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    Pseudoexfoliation syndrome not yet ready for genetic testing

    LOXL1 gene associated with PXF, but clinical exams still the gold standard for detection

     

    Take home

    Although the LOXL1 gene may increase the risk for pseudoexfoliation syndrome, currently available genetic testing does not effectively predict who will develop disease.

     

    Iowa City, IA—Pseudoexfoliation (PXF) syndrome does not yet have a reliable genetic test and is actually the result of multiple genetic and environmental factors, said John H. Fingert, MD, PhD.

    PXF is heritable, but it has a complex genetic basis.

    “No one thing causes the disease on its own,” said Dr. Fingert, associate professor of ophthalmology and visual sciences, University of Iowa Carver College of Medicine, Iowa City.

    There is one gene that’s confirmed as a risk factor for PXF, the LOXL1 gene, he explained.

    “This gene increases the risk for pseudoexfoliation, but testing cannot reliably predict who will get the disease,” he said.

    Understanding PXF

    Previous research involving identical twins showed that PXF is heritable, Dr. Fingert said. There are also commonly seen cases of PXF that cluster within families, again demonstrating the familial connection. Even animal studies of inbred laboratory mice show that PXF can be passed from generation to generation.

    The disease also appears to be more prominent in certain ethnic groups, such as Scandinavian populations. In contrast, the disease is much more rare in populations, such as Eskimos.

    However, none of these findings seem to point to an exact cause of PXF.

    “It occurs because of the combined effects of many genetic and environmental factors, and no single factor can determine which of our patients will develop pseudoexfoliation,” Dr. Fingert said.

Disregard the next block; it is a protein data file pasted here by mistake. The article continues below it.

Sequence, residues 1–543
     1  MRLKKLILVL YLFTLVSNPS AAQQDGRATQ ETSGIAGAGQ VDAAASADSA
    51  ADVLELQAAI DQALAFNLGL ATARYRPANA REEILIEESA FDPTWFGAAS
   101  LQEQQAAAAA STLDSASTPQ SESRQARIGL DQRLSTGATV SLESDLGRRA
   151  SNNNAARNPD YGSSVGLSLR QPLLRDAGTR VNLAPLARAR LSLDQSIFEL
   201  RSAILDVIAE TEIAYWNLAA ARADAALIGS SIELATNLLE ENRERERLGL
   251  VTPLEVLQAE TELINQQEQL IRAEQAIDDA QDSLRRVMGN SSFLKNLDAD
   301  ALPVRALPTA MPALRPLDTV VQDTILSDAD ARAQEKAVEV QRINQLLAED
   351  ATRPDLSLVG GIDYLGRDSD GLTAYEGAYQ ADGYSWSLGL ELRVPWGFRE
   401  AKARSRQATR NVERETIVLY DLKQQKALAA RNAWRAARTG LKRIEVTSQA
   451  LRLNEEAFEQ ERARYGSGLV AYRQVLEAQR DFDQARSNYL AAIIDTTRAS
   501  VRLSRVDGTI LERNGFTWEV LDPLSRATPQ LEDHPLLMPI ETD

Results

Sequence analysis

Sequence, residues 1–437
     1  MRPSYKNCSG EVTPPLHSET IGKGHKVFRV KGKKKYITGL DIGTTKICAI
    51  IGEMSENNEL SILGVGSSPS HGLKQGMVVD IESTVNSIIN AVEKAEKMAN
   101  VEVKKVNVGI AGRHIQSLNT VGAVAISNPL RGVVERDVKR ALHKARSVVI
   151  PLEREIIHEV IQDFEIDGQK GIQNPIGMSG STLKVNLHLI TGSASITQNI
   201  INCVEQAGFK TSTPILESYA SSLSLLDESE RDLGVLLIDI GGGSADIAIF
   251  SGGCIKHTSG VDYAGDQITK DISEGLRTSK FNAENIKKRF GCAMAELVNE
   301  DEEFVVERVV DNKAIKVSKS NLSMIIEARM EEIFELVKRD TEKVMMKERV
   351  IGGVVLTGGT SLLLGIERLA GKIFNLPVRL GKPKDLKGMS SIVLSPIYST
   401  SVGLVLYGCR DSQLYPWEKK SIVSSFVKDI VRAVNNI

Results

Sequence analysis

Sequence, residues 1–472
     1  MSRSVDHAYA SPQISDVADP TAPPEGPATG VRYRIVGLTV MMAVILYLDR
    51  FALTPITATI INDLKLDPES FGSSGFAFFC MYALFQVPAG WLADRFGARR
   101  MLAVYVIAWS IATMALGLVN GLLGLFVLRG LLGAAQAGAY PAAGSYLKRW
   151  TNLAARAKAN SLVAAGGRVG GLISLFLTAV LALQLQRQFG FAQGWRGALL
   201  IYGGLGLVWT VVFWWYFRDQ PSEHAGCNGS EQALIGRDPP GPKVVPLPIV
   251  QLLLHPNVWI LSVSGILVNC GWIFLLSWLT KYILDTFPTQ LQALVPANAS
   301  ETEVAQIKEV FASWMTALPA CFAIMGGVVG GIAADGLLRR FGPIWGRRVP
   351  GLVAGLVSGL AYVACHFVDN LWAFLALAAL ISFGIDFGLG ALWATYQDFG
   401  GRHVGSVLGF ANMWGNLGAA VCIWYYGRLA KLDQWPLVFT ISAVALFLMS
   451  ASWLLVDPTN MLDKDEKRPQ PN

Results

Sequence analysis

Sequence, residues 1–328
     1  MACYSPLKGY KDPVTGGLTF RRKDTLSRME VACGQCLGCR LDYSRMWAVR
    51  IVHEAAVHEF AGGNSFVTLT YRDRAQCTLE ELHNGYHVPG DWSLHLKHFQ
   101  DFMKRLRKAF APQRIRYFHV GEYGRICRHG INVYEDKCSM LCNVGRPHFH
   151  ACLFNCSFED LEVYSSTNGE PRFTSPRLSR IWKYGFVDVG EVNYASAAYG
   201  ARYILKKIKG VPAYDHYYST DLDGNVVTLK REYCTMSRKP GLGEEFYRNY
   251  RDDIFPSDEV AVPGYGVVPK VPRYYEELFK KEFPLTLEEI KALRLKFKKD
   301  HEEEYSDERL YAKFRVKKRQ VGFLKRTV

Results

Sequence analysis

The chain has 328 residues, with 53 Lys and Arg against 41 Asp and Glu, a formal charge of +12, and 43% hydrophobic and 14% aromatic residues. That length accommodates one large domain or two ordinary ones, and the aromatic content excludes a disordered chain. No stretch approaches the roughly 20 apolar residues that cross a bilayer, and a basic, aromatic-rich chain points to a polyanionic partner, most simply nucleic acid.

Progress has been made toward a better understanding of the environmental factors that contribute to PXF, such as latitude and ultraviolet exposure.

    A breakthrough in the understanding of PXF came in 2007, with the finding of LOXL1 as the first known genetic factor, Dr. Fingert said.1 The original studies investigated Icelandic and Swedish populations, but subsequent research has included other patient populations.

    “In all cases, LOXL1 is always a big risk factor,” he said. “However, all the risk variants are extremely common.”

    This has led to some unusual findings about the gene. For example, the risk allele G153D is found in about 88% of the normal Swedish population without PXF, yet it is also found in 100% of patients with PXF.

    This is why genetic testing has been so difficult, he explained.

    “Currently, there’s no clinical utility in the diagnosis of PXF in testing for LOXL1 and the value of testing is limited to research purposes,” Dr. Fingert said. “However, large collaborative genetic studies are underway that will likely find more genetic factors.”

    Dr. Fingert concluded by explaining what he tells patients with PXF about their condition.

    “I tell them it is a heritable condition caused in part by genes, but currently we don’t know most of those genes. So, testing is not very useful now,” he said. “I also tell them the current best way to diagnose is a careful exam in an ophthalmology clinic.”

    Dr. Fingert cited recommendations from the American Academy of Ophthalmology on genetic testing, which state that testing should be avoided until studies have demonstrated a benefit to patients who have tested positive.2

    “This is clearly a benchmark not yet met for the LOXL1 gene or PXF,” he concluded.

     

    References

    1. Thorleifsson G, Magnusson KP, Sulem P, et al. Common sequence variants in the LOXL1 gene confer susceptibility to exfoliation glaucoma. Science. 2007;317:1397-400.

    2. Stone EM, Aldave AJ, Drack AV, et al. Recommendations for genetic testing of inherited eye diseases: report of the American Academy of Ophthalmology task force on genetic testing. Ophthalmology. 2012;119:2408-2410.

     

     

    John H. Fingert, MD, PhD

    E: [email protected]

    This article was adapted from Dr. Fingert’s presentation during Glaucoma Subspecialty Day at the 2014 American Academy of Ophthalmology. He did not indicate any proprietary interest in the subject matter.

     

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